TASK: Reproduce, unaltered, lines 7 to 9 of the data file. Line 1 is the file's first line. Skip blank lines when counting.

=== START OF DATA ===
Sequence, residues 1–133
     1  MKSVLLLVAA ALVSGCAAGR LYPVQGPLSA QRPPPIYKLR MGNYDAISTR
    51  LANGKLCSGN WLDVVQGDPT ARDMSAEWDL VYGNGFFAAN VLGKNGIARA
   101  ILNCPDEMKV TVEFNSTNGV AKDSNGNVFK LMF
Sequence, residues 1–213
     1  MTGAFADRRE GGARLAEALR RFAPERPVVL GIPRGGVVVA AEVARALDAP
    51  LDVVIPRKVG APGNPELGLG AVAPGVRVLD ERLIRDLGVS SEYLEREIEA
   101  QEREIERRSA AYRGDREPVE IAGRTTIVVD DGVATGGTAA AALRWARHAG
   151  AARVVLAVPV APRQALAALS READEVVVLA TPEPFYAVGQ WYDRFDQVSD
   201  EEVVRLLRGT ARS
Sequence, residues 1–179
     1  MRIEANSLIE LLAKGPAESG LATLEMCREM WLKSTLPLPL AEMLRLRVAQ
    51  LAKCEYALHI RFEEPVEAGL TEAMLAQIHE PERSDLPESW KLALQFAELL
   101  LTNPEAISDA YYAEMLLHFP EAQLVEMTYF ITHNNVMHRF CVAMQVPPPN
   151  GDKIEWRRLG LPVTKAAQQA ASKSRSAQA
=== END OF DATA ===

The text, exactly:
    51  LDVVIPRKVG APGNPELGLG AVAPGVRVLD ERLIRDLGVS SEYLEREIEA
   101  QEREIERRSA AYRGDREPVE IAGRTTIVVD DGVATGGTAA AALRWARHAG
   151  AARVVLAVPV APRQALAALS READEVVVLA TPEPFYAVGQ WYDRFDQVSD